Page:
Google is ramping up its efforts in Washington to influence lawmakers according to a Consumer Watchdog press release
Google (GOOG) started its 'goodwill mission to Washington' with the following statement in 2003:
"We established a Washington presence because we felt like it was important to give our users a voice in Washington. Technology can be complicated. We absolutely believe taking the time to help people understand our business is a worthy MORESeth Weintraub - Apr 21, 2010 5:20 PM ET
That thump you heard in the middle of the night, was the 376-page National Broadband Plan finally being dropped (you can get your very own copy or just scan through the executive summary here).
Not pulling any political punches, broadband is compared to electricity in the conclusion to the report crafted by Federal Communications Chairman Julius Genachowski and his team. It reads:
In 1938, President Roosevelt traveled to Gordon Military College in MOREMichael V. Copeland, Senior Writer - Mar 16, 2010 3:11 PM ET
Search giant Google keeps offering telecommunications services. But does that make it a phone company?
By Beth Kowitt, Writer-reporter
Google (GOOG) is an online advertising company, but it has been inching toward disrupting the telecommunications industry for some time.
In 2006 it launched free citywide Wi-Fi in its headquarters town of Mountain View, Calif., as a not-so-subtle jab at traditional broadband providers such as AT&T (T) and the cable operators.
In 2008 it expressed MOREJan 20, 2010 10:54 AM ET
>Mason Cohn, Producer - Jan 13, 2010 11:45 AM ET
I'm glad the net neutrality dispute that broke out this week between AT&T (T) and Google (GOOG) has nothing to do with Apple (AAPL).
The two companies' arguments are so cynically self-serving and the common carrier issues they have locked horns over so thorny and impenetrable that I don't know where to start. (If you want to pursue it, the New York Times' Saul Hansell does a good job laying the MOREPhilip Elmer-DeWitt - Sep 26, 2009 6:35 AM ET
"Contrary to published reports," Apple (AAPL) told the FCC back in August in response to a government inquiry about why it rejected Google's (GOOG) famous voice management app. "Apple has not rejected the Google Voice application, and continues to study it." (link)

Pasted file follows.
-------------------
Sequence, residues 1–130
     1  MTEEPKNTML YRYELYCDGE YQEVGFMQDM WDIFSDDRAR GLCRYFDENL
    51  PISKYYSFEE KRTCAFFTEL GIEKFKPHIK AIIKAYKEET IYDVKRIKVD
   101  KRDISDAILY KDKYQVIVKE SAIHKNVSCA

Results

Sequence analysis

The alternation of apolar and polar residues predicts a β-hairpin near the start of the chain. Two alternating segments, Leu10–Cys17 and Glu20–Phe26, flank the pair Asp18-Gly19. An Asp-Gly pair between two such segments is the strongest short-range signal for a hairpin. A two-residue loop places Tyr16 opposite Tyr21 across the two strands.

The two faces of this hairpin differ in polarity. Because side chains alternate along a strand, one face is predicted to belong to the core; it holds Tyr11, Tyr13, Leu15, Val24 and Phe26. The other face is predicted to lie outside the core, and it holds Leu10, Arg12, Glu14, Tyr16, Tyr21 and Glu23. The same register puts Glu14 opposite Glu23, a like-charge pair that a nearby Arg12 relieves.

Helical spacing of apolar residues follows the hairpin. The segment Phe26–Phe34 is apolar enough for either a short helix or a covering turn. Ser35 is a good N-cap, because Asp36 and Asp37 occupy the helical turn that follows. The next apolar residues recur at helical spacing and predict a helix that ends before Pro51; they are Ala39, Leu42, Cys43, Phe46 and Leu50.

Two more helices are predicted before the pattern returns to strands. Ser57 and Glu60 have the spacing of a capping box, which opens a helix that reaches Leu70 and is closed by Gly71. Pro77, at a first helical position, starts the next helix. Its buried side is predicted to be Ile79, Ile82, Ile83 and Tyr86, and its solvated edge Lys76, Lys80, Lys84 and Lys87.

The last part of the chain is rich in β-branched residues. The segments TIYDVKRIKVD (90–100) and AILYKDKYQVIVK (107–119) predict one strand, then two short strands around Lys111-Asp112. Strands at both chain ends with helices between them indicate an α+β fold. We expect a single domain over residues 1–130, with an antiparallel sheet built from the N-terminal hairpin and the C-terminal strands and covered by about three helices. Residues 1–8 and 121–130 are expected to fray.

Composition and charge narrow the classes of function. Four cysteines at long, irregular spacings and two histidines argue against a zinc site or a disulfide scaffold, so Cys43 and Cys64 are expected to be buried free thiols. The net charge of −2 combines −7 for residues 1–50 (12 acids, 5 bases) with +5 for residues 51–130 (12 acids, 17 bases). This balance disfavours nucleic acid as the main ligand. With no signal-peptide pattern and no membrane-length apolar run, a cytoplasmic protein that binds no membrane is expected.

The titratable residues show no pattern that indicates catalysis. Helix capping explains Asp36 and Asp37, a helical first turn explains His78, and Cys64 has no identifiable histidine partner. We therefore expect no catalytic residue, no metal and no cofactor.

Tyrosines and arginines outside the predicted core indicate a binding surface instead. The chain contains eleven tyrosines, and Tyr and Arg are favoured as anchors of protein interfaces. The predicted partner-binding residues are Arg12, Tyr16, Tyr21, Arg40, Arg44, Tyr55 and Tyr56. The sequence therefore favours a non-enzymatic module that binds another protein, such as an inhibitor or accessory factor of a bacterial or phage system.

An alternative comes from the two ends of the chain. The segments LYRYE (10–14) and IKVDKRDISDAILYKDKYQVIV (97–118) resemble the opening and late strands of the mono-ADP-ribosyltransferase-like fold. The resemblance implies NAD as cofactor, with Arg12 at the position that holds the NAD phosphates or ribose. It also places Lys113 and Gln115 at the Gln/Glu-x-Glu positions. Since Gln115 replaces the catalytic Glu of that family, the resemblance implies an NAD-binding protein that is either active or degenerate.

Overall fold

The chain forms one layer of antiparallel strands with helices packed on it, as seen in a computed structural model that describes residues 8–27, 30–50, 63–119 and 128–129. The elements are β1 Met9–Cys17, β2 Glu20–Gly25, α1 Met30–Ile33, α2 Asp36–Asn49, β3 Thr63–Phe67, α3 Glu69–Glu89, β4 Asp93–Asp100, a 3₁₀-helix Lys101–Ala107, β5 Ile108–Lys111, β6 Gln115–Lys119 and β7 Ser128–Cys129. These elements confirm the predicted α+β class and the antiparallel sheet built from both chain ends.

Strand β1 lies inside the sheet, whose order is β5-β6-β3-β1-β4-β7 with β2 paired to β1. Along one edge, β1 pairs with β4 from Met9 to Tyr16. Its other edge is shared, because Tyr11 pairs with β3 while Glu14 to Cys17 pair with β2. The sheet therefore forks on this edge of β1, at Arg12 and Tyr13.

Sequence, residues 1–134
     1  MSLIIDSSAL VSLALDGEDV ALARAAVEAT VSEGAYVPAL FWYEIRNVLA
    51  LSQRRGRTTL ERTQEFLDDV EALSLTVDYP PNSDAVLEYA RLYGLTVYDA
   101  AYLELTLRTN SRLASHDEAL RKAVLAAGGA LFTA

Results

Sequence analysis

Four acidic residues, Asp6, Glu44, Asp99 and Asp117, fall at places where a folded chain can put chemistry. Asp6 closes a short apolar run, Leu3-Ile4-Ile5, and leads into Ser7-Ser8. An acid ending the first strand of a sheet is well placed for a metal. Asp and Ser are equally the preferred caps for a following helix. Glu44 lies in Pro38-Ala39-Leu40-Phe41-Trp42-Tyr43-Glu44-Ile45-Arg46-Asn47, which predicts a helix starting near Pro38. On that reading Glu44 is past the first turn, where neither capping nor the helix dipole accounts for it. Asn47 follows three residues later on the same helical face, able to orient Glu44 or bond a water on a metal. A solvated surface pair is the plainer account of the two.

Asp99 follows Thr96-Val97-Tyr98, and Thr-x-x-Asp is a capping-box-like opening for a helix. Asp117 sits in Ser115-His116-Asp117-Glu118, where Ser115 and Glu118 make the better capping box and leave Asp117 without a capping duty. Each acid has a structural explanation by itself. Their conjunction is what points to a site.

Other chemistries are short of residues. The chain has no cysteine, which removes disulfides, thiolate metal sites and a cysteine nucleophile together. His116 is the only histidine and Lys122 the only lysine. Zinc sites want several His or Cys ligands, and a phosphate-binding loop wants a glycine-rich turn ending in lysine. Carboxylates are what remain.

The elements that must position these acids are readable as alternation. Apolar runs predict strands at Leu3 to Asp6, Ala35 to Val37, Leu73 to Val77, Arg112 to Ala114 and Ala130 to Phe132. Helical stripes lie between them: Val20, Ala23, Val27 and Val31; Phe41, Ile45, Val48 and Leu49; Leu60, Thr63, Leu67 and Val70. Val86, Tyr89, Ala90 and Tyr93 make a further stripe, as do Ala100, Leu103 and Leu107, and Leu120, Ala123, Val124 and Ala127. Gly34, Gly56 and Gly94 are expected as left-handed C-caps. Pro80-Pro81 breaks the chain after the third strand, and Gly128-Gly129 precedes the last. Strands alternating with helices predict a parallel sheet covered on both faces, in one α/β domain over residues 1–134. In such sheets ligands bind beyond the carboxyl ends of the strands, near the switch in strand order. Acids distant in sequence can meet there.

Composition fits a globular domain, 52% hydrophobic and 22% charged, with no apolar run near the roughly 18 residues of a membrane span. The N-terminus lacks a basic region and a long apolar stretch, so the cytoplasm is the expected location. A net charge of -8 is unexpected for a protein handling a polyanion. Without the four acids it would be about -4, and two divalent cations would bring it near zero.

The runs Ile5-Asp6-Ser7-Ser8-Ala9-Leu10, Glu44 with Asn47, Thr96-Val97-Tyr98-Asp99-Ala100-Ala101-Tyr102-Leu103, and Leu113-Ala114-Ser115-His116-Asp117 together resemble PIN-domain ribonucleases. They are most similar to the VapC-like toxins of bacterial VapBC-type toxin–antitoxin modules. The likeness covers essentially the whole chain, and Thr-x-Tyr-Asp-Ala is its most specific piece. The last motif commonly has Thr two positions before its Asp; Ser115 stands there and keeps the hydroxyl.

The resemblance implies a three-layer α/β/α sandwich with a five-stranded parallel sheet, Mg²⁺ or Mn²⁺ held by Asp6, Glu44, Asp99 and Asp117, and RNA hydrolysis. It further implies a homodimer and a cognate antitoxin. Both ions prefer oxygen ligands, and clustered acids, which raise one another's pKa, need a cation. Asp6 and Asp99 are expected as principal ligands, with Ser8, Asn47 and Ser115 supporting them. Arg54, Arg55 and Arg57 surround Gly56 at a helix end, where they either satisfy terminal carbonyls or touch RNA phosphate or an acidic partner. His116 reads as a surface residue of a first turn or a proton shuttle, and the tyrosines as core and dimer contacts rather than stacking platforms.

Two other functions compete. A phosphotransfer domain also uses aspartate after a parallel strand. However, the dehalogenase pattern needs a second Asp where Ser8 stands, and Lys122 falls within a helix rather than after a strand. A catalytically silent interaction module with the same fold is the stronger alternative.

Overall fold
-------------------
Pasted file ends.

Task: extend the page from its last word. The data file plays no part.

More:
What Google had to say about that was unknown because unlike Apple, which made public its response, Google asked that key portions of its letter to the FCC be MOREPhilip Elmer-DeWitt - Sep 18, 2009 12:52 PM ET
It took the heavy hand of the Federal Communications Commission to pry it loose, but we finally have a clearer picture of how Apple's (AAPL) App Store approval process works.
The details are contained in Apple's response to the FCC's July 31 letter of inquiry into why Google's (GOOG) Google Voice app has not been approved. AT&T's response fills 16 pages with legalese and footnotes, but the bottom line is short MOREPhilip Elmer-DeWitt - Aug 21, 2009 8:20 PM ET
AT&T stayed mum for weeks to protect its relationship with Apple, but thanks to prodding from the Federal Communications Commission the company is talking now. The upshot: AT&T didn't demand that Apple (AAPL) block Google Voice from the iTunes App Store, thus keeping it off of the iPhone. In fact, AT&T says it didn't even talk to Apple about it before the iPhone maker handed down the decision.
This is the MOREJon Fortt - Aug 21, 2009 5:24 PM ET
The Wall Street Journal's editorial board and I disagree about almost everything, including the legacy of the late Robert Novak.
The op-ed page, however, is a different matter. And on Tuesday the Journal ran a guest commentary by Andy Kessler that says what many of us have been thinking about AT&T's (T) role in Apple's (AAPL) rejection of Google's (GOOG) Google Voice app -- the universal telephone number and voice mail MOREPhilip Elmer-DeWitt - Aug 19, 2009 10:50 AM ET
[NEWS FLASH: Google CEO Eric Schmidt has resigned from Apple's board. See here.]
Sometimes you've just got to love the government.
Case in point: the inquiry that the U.S. Federal Communications Commission launched Friday into why exactly Apple (AAPL) decided to reject Google's (GOOG) powerful Google Voice call-management system for the iPhone, and what role AT&T (T) played in the decision.
Hundreds of reporters -- from the tiniest blogs to the most powerful MOREPhilip Elmer-DeWitt - Aug 1, 2009 7:16 AM ET
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